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Open access

Huda M Elsharkasi, Suet C Chen, Lewis Steell, Shuko Joseph,  Naiemh Abdalrahaman, Christie Mccomb, Blair Johnston, John Foster, Sze Choong Wong, and S. Faisal Ahmed

Objective: To investigate the role of 3T-MRI in assessing musculoskeletal health in children and young people.

Design: Bone, muscle and bone marrow imaging was performed in 161 healthy participants with a median age of 15.0 yrs (range, 8.0, 30.0).

Methods: Detailed assessment of bone microarchitecture (CISS sequence, voxel size 0.2x0.2x0.4mm3), bone geometry (TSE sequence, voxel size 0.4x0.4x2mm3) and bone marrow (1H-MRS, PRESS sequence, single voxel size 20x20x20mm3), size and muscle adiposity (Dixon, voxel size 1.1x1.1x2mm3).

Results: There was an inverse association of apparent bone volume/total volume (appBV/TV) with age (r, -0.5, p<0.0005). Cortical area, endosteal and periosteal circumferences and muscle cross-sectional area showed a positive association to age (r >0.49, p<0.0001). In those over 17 yrs of age, these parameters were also higher in males than females (p<0.05). This sex difference was also evident for appBV/TV and bone marrow adiposity (BMA) in the older participants (p<0.05). AppBV/TV showed a negative correlation with BMA (r, -0.22, p=0.01) which also showed an association with muscle adiposity (r, 0.24, p=0.04). Cortical geometric parameters were highly correlated with muscle area (r >0.57, p<0.01).

Conclusions: In addition to providing deep insight into the normal relationships between bone, fat and muscle in young people, these novel data emphasize the role of MRI as a non-invasive method for performing a comprehensive and integrated assessment of musculoskeletal health in the growing skeleton.

Open access

Zofia Kolesinska, James Acierno Jr, S Faisal Ahmed, Cheng Xu, Karina Kapczuk, Anna Skorczyk-Werner, Hanna Mikos, Aleksandra Rojek, Andreas Massouras, Maciej R Krawczynski, Nelly Pitteloud, and Marek Niedziela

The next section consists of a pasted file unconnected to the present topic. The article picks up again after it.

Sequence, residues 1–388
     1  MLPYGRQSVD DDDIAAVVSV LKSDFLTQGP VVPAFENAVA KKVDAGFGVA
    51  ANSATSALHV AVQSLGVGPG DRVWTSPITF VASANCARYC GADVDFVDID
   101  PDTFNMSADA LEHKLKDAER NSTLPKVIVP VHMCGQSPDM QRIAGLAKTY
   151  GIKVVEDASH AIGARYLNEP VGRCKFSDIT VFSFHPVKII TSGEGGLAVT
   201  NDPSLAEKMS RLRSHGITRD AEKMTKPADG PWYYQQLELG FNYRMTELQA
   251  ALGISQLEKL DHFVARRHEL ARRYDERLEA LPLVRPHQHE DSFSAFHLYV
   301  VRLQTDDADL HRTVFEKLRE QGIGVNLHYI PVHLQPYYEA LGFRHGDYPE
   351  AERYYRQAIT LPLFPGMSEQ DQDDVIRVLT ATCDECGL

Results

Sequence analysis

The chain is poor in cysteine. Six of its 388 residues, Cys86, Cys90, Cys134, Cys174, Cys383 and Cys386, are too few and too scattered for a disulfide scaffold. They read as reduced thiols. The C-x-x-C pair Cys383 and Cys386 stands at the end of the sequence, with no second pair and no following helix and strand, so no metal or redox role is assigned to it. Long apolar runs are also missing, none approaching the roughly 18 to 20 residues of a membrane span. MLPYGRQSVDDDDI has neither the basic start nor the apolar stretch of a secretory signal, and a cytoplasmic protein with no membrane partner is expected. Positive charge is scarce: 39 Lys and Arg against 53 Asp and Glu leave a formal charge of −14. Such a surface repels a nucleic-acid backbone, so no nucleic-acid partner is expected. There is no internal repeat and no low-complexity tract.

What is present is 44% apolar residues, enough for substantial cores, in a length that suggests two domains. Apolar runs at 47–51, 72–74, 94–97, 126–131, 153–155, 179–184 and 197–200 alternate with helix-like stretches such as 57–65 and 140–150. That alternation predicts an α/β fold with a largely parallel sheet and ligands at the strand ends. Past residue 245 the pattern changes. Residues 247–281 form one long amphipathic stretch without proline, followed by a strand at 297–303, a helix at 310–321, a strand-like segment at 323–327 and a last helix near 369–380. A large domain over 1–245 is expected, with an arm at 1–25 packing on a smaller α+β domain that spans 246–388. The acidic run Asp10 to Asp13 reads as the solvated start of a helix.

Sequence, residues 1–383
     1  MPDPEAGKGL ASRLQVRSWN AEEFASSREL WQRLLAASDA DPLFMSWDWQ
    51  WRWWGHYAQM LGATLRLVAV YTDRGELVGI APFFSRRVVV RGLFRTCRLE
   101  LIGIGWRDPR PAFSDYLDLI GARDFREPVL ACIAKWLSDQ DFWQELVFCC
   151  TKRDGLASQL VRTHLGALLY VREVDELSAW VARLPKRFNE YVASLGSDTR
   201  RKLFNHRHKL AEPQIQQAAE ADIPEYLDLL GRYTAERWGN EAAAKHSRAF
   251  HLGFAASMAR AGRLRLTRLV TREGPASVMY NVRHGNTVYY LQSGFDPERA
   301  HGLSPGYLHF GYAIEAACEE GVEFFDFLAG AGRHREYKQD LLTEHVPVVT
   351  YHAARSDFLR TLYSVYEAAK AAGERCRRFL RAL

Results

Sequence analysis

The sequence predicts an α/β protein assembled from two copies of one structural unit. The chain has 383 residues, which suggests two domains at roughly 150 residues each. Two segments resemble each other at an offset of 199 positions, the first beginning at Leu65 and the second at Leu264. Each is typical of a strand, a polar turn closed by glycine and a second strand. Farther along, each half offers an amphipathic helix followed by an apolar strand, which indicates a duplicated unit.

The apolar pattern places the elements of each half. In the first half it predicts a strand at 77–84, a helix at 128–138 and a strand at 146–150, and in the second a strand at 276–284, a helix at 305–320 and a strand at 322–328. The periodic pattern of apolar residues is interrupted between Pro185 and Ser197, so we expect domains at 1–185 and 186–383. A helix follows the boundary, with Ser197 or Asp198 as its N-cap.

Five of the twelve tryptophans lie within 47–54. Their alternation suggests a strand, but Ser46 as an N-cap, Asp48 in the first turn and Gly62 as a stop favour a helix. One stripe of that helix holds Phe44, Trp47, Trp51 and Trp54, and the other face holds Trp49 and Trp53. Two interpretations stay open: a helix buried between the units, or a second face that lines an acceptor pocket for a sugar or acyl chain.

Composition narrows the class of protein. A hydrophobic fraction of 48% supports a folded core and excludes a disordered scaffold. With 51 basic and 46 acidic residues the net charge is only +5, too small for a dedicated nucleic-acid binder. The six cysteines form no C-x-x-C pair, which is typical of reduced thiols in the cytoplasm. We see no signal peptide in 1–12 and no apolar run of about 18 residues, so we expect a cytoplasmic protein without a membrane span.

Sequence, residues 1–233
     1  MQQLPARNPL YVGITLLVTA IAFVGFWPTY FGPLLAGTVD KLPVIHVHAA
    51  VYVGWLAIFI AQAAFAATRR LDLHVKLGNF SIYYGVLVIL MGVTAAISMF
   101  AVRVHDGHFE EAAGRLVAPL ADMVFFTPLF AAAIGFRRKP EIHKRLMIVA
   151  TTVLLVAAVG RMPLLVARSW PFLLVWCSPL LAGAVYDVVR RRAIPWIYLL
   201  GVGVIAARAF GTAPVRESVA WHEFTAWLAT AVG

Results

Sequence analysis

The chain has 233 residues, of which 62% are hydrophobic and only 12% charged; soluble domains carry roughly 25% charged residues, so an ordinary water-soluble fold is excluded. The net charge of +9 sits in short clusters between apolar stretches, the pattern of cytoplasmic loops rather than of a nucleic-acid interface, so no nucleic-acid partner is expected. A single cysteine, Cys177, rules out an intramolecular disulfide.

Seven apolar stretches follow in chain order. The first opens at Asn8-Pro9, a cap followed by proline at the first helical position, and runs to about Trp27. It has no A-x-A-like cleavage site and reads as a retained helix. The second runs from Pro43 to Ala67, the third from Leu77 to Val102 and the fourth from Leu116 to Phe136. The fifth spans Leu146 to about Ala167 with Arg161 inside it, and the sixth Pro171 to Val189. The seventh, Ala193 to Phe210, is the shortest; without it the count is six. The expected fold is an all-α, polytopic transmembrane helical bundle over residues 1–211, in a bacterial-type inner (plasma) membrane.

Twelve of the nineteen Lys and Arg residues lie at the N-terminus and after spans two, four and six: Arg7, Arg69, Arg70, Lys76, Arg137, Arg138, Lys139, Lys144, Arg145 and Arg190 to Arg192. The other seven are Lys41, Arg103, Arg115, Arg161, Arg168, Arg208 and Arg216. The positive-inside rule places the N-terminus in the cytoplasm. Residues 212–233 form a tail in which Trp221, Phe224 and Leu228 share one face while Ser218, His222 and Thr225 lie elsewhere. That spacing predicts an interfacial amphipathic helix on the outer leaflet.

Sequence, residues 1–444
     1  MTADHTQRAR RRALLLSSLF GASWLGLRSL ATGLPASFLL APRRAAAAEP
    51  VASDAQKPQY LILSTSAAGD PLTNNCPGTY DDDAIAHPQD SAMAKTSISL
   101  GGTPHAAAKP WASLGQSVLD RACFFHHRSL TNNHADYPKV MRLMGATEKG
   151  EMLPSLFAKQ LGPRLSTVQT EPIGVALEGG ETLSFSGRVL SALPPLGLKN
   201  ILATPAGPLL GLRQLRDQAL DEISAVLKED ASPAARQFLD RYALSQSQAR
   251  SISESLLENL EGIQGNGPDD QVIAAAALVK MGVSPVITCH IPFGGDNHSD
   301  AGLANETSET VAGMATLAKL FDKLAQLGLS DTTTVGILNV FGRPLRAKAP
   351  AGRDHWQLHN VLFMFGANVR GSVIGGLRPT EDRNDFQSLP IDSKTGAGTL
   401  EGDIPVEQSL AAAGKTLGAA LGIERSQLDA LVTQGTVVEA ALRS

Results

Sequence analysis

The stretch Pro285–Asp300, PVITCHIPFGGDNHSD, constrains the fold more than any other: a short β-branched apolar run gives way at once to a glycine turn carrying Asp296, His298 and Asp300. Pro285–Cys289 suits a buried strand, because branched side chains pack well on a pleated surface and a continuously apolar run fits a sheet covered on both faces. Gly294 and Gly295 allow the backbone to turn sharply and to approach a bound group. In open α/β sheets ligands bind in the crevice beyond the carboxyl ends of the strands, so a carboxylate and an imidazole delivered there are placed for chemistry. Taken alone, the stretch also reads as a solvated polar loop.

46,XY differences and/or disorders of sex development (DSD) are clinically and genetically heterogeneous conditions. Although complete androgen insensitivity syndrome has a strong genotype–phenotype correlation, the other types of 46,XY DSD are less well defined, and thus, the precise diagnosis is challenging. This study focused on comparing the relationship between clinical assessment and genetic findings in a cohort of well-phenotyped patients with 46,XY DSD. The study was an analysis of clinical investigations followed by genetic testing performed on 35 patients presenting to a single center. The clinical assessment included external masculinization score (EMS), endocrine profiling and radiological evaluation. Array-comparative genomic hybridization (array-CGH) and sequencing of DSD-related genes were performed. Using an integrated approach, reaching the definitive diagnosis was possible in 12 children. The correlation between clinical and genetic findings was higher in patients with a more severe phenotype (median EMS 2.5 vs 6; P = 0.04). However, in 13 children, at least one variant of uncertain significance was identified, and most times this variant did not correspond to the original clinical diagnosis. In three patients, the genetic studies guided further clinical assessment which resulted in a reclassification of initial clinical diagnosis. Furthermore, we identified eight patients harboring variants in more than one DSD genes, which was not seen in controls (2.5%; P = 0.0003). In summary, taking into account potential challenges in reaching the definitive diagnosis in 46,XY DSD, only integrated approach seems to be the best routine practice.